The Federal Trade Commission has filed a lawsuit against DP Marketing, a Connecticut-based operation that the FTC alleges to be a pyramid scheme, elaborately disguised as a work-at-home opportunity, that solicited new recruits through "spam" -- unsolicited commercial e-mail -- on the Internet and in newspaper classified ads across the country. At the request of the FTC, District Court Judge Christopher F. Droney has scheduled a hearing for July 30, 1999 on the FTC's motion for a preliminary injunction.
"The victims of this scheme answered ads that told them they could earn $13.50 per hour working at home, processing applications," said Jodie Bernstein, Director of the FTC's Bureau of Consumer Protection. "What consumers actually got for their registration fee was not a job, but a kit explaining how they could lure other victims into this scheme. These defendants have been franchising fraud, and using the Internet to do it."
The FTC alleges DP Marketing and its principals, David Martinelli (a/k/a David Martin) and Deana Plourde, sent consumers unsolicited commercial e-mail -- "spam" -- with a messages such as:
"National Marketing Company seeks individuals to handle office duties from home. This is a full or part-time position with a salary of $13.50/hr. The position consists of processing applications for credit, loans or employment, as well as online consumer service."
Consumers responded by visiting DP Marketing's web site or by calling them. Whichever route they took, they were informed that the $13.50 per hour jobs were for processing orders for DP Marketing from the comfort of their own homes. They were told that no experience was necessary, and that for a "registration fee" ranging from $9.95 to $28.72 they would be sent everything they would need to get started, including telephone scripts, product sheets, time sheets and an ID number. What the consumers actually got was a kit instructing them first to place advertisements identical to the ones they had responded to, and then to read the same script to people who responded to their ads. Instead of $13.50 per hour, the money consumers could earn was based on the number of new victims they could recruit.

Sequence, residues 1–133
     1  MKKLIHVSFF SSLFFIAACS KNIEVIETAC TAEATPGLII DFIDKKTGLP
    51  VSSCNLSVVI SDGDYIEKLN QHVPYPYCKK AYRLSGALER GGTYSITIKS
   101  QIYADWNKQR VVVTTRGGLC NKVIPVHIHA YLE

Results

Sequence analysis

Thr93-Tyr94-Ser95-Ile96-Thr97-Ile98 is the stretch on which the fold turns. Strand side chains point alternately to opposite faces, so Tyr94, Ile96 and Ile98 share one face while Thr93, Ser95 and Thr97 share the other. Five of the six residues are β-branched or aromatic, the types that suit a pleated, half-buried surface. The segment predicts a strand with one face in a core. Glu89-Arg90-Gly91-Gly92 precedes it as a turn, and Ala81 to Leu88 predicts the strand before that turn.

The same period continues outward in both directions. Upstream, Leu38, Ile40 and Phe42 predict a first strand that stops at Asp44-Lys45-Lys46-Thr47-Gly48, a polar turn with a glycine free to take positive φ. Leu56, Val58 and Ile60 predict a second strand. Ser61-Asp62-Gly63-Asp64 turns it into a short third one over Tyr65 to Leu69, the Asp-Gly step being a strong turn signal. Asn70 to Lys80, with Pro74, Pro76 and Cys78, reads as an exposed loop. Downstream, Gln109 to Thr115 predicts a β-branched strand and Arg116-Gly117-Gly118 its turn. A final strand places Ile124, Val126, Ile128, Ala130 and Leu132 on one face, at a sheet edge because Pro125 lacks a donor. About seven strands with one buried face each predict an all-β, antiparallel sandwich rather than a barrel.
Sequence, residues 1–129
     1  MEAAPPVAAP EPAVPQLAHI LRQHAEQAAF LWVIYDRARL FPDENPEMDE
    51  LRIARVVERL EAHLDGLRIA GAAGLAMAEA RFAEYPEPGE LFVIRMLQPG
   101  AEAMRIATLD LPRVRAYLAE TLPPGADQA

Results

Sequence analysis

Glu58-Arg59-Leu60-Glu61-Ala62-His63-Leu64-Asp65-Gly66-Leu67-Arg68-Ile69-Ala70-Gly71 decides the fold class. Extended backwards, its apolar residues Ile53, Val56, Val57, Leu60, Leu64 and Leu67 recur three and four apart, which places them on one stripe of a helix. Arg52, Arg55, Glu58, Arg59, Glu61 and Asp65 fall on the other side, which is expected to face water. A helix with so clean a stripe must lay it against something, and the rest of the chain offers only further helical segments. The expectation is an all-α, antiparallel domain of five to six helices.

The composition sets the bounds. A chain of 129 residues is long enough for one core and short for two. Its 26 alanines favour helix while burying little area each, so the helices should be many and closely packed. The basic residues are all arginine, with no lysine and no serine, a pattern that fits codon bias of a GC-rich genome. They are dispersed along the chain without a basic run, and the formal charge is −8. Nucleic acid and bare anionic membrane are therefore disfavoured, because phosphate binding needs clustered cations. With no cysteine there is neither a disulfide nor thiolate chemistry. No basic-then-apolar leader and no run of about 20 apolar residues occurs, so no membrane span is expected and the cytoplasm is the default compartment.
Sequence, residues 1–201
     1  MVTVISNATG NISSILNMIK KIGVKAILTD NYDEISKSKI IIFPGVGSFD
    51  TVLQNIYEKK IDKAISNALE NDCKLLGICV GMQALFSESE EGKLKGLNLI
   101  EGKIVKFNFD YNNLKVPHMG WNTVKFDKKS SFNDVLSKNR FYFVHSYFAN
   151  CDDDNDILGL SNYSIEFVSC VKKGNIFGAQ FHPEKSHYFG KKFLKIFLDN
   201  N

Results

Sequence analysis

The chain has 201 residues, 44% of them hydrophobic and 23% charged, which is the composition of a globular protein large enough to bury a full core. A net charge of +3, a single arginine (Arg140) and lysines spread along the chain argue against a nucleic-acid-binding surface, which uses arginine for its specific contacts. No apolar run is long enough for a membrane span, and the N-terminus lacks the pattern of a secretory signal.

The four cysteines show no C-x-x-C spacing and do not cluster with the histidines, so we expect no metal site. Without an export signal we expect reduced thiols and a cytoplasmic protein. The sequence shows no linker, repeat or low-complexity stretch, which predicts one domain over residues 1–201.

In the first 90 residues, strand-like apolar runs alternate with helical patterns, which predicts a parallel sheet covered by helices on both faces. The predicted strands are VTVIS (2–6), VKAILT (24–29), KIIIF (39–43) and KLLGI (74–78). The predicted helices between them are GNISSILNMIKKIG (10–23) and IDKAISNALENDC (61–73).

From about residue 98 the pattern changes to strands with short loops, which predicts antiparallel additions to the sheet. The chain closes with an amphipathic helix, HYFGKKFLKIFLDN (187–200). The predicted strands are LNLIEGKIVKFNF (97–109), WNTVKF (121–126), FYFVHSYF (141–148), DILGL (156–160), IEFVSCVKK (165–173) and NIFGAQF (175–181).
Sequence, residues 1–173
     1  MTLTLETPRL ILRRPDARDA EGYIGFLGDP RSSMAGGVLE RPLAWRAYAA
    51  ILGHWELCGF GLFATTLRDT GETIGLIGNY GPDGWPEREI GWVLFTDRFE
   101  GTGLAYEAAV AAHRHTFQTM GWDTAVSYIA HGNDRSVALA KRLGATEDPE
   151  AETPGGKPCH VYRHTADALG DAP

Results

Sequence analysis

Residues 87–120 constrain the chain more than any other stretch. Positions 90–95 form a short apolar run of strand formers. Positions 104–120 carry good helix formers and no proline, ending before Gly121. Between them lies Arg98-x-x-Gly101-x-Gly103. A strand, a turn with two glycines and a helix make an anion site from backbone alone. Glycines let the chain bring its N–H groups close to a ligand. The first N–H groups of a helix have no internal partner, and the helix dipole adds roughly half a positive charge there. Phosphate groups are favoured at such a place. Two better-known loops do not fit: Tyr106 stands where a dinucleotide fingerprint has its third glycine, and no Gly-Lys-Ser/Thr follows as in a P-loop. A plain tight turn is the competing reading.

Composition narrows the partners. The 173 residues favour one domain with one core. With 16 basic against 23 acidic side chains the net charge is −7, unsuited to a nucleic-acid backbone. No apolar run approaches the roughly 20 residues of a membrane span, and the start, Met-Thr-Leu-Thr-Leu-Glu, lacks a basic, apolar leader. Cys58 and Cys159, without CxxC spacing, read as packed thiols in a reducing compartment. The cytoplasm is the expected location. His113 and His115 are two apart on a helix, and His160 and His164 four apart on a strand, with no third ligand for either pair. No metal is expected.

The FTC charged that the defendants violated federal law by misrepresenting to consumers that DP Marketing offers jobs at a specified salary; by failing to disclose that they are offering a pyramid work-at-home scheme; and by providing the "means and instrumentalities" to others to commit deceptive acts that violate federal law.
The FTC has asked the court to permanently bar the deceptive practices and award consumer redress for victims of the scam.
DP Marketing, Martinelli/Martin and Plourde are based in Terryville, Connecticut.
The Commission vote to file the complaint was 4-0. This case was filed with the invaluable assistance of the Office of the Attorney General of Connecticut.
NOTE: The Commission files a complaint when it has "reason to believe" that the law has been or is being violated, and it appears to the Commission that a proceeding is in the public interest. The complaint is not a finding or ruling that the defendant has actually violated the law. The case will be decided by the court.
Copies of the complaint are available from the FTC's web site at http://www.ftc.gov and also from the FTC's Consumer Response Center, Room 130, 600 Pennsylvania Avenue, N.W., Washington, D.C. 20580; 202-FTC-HELP (202-382-4357); TDD for the hearing impaired 1-866-653-4261. Consent agreements subject to public comment also are available by calling 202-326-3627. To find out the latest news as it is announced, call the FTC NewsPhone recording at 202-326-2710.
(FTC File No. 992 3224)